Gin beyond the juniper: a question of distillation
There’s no denying that the gin craze has hit London once again, only now bathtub gin is the height of fashion rather than a crude corn spirit. Where in the noughties bottles of vodka stood proud on the back bar, now we see hundreds of craft gins ranging from small batch to strange flavours and liqueurs.
We know that gin must be juniper led, and can probably name one or two of the key botanicals in our favourite bottle. But what else differentiates one gin from the next? This is where the distillation methods come in. To some the holy grail, to others a mere gin-making requirement, distillation methods vary wildly from producer to producer. We take a closer look at three:
This is the traditional and most widely-used method of gin distillation. It involves steeping the botanicals in a highly rectified spirit, otherwise known as the base spirit. Some steep, or macerate, the botanicals before distillation, which helps to fix the flavours in the liquid and give a higher intensity of flavour. This is said to help the liquid retain these flavours throughout the distillation process.
Spearheaded by Bombay Sapphire in the 80s, and now used by the likes of Sipsmith, this method uses a carter head still – a pot still with a copper ‘basket’ suspended inside near the neck. The base spirit is heated, and as it evaporates the vapour passes through the basket on its way out through the neck, only picking up delicate flavours from the botanicals.
“The key idea behind vapour infusion was that it could form a bridge into the gin category for historical vodka lovers,” says Bibendum wine and spirits educator Emily Humphreys. “This method produces a lighter, more refined flavour profile, which was more appealing to those not accustomed to big, bold botanical-heavy gins.”
Vacuum or cold distillation
The unique thing about this method is that the presence of a vacuum lowers the boiling temperature of alcohol, meaning distillation can take place at a lower temperature than in a pot still. This preserves the oils and delicate flavours of distillates, meaning fresher ingredients can be used without being ruined by heat.
The first to pioneer the method on the London Dry distilling scene was Highgate’s Sacred Gin, founded in 2008 by Ian Hart and Hilary Whitney. “Vacuum distillation gives our liquid a unique taste and freshness as the botanicals are distilled separately and have not been affected by heat,” says Ian.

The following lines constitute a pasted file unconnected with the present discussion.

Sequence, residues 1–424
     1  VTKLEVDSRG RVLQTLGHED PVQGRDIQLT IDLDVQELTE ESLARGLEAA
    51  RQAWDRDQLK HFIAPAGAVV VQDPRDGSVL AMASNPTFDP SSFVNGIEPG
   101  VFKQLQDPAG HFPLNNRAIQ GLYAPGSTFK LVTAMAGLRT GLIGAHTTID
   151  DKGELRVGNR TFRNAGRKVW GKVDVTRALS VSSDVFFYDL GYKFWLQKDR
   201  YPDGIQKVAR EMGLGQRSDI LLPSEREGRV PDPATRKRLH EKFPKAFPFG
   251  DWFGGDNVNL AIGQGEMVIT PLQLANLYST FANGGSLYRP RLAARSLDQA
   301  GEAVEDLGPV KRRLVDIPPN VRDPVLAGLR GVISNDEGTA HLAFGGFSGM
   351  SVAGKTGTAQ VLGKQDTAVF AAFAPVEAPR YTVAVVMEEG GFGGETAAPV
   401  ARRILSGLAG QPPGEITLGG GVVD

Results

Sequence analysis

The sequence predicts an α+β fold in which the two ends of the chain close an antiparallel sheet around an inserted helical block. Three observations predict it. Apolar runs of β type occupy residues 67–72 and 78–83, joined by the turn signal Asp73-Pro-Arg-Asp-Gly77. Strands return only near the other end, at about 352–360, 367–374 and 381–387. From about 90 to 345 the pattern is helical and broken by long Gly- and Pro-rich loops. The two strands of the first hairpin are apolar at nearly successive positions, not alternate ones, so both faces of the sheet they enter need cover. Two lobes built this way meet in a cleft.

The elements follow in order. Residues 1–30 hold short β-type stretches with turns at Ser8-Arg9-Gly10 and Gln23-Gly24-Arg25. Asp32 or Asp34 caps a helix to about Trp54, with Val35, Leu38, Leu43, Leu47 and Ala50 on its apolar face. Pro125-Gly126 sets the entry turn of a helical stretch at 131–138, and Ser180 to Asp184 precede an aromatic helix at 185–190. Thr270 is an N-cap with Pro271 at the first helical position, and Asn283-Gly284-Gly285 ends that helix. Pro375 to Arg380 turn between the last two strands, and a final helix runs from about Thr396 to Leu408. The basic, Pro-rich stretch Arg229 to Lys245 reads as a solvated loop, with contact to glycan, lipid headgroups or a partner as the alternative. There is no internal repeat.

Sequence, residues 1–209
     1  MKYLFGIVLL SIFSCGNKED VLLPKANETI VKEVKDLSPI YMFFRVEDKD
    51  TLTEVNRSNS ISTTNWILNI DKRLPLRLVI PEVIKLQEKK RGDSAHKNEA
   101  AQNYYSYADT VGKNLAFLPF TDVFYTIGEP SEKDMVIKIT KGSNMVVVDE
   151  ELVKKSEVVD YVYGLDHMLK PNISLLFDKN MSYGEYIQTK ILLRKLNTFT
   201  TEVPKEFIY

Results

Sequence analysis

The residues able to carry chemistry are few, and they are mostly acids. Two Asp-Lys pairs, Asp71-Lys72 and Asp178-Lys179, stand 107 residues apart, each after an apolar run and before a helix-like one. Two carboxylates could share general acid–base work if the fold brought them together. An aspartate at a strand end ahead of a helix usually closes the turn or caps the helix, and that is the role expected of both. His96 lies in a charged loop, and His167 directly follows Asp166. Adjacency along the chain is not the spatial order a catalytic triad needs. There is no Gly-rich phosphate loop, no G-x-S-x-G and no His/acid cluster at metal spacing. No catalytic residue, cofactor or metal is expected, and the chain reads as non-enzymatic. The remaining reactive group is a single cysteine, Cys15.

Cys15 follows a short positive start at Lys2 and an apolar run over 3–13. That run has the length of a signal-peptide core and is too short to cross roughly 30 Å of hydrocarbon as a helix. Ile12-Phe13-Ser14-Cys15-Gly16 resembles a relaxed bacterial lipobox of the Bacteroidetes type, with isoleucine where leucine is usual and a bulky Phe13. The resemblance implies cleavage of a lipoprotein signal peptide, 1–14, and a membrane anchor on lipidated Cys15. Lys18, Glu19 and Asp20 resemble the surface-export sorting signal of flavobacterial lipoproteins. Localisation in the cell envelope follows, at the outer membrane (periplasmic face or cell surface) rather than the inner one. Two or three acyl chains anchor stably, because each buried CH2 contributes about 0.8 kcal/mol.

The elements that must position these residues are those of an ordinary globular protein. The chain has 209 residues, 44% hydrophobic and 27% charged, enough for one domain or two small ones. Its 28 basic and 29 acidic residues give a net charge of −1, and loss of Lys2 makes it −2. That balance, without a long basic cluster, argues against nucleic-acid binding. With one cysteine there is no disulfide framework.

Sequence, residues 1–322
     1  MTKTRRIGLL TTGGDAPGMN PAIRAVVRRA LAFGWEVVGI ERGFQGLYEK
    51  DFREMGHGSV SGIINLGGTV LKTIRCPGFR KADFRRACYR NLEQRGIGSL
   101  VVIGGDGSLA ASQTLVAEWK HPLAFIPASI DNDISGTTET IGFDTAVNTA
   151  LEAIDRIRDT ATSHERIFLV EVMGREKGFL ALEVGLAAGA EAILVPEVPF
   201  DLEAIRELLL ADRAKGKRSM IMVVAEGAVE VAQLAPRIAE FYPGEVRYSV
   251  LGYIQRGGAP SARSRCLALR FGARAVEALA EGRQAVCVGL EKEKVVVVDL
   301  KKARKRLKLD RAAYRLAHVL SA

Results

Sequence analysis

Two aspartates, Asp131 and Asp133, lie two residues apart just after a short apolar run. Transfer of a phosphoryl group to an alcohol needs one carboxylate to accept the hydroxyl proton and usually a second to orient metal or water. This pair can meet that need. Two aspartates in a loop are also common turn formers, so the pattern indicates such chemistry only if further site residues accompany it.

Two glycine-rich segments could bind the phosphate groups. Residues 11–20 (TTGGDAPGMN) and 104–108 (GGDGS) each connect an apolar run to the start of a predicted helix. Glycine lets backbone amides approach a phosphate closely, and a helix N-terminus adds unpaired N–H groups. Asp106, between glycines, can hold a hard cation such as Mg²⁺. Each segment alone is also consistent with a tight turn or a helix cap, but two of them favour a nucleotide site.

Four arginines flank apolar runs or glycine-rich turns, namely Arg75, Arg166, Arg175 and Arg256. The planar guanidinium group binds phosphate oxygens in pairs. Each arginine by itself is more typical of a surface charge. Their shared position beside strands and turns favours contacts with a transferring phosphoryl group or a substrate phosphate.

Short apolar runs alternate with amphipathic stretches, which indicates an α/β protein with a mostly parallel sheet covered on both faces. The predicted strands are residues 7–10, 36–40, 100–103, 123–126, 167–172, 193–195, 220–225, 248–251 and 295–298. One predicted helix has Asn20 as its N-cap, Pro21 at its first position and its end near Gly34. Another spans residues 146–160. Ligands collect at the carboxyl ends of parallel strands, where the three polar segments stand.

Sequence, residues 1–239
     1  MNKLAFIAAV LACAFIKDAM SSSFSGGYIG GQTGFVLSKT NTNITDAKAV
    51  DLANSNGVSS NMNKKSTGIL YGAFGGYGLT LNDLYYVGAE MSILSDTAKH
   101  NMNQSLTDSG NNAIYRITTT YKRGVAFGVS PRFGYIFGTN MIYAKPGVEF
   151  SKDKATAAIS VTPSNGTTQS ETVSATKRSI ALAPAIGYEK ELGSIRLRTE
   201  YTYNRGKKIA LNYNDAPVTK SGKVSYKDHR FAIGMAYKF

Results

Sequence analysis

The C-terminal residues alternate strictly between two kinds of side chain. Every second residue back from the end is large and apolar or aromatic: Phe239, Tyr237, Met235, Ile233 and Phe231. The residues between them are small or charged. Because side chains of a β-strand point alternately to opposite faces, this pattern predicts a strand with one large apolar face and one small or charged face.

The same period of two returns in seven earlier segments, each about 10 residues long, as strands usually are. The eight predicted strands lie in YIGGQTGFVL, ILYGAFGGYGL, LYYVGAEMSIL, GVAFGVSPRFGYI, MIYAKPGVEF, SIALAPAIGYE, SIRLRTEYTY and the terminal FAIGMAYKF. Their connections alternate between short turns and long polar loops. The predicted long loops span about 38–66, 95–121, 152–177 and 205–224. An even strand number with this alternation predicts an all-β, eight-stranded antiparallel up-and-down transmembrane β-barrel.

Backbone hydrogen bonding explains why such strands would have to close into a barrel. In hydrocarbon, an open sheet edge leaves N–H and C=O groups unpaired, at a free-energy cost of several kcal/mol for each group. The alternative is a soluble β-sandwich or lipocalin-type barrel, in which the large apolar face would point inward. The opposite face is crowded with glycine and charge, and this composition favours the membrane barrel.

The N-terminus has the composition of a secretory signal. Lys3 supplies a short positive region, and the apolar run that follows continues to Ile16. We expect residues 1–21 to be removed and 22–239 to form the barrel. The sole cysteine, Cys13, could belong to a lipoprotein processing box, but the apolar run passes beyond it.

“Another key advantage of vacuum distillation is that botanicals are distilled individually, stopping one element from absorbing the flavours and aromas of its neighbouring botanical and impacting the taste of the entire gin,” he says.
Taking things one step further is Hepple Gin, whose founders include Walter Riddell, Valentine Warner and worldrenowned barman Nick Strangeway. Hepple Gin uses three different distilling techniques and apparatuses: a copper pot, a vacuum still and a supercritical CO2 extraction system, normally found in perfume production. The vacuum captures the freshness of the green (unripe) juniper and other fresh ingredients, while the latter adds extra depth of flavour.
Distiller's battle: recipe vs still
Alex Kammering (left): It's all about the recipe
You may know Alex as the creator of Kamm & Sons British Aperitif. Alex has been working in the drinks industry for over 22 years, and now he’s turned his creative hand to making gin (in his kitchen, of course). For Alex, recipe is everything.
“I’ve never noticed a difference between distillation methods. 95% of gin is the recipe and the biggest difference for me is using dry versus fresh botanicals.
“The recipe is not just about botanical ratios, but the total weight of botanicals versus the amount of alcohol and water, how long they macerate for and at what temperature. Juniper is really important, but you need to balance it. The flavour of gin is just a combination of four key botanicals – juniper, coriander, citrus and liquorice – and how they work together.”
Alex Lawrence (right): You've got to distil it right
Alex is the head bartender at London’s Dandelyan bar, and founder of Porter's gin. As part of the new wave of gin-making mad scientists, he is a cold-distillation convert. For Alex, it’s all about experimenting with the still – so long as you do it right.
“I’ve always done cold distillation,” he says. “The differences between a pot still and rota-vap are amazing: If you distil camomile in a pot still you get robust, earthy camomile, but in a rota-vap it tastes like peach. However, if you put some botanicals through a pot still the result will taste dirty, muddy, bitter and horrible. These are the ones you have to treat very gently.
“I’m sure vapour distillation is probably a lot nicer for some botanicals that don’t work in a pot still, but I’m not convinced that it delivers that full flavour – or even uses every part of the botanical you can. It’s all very subjective!”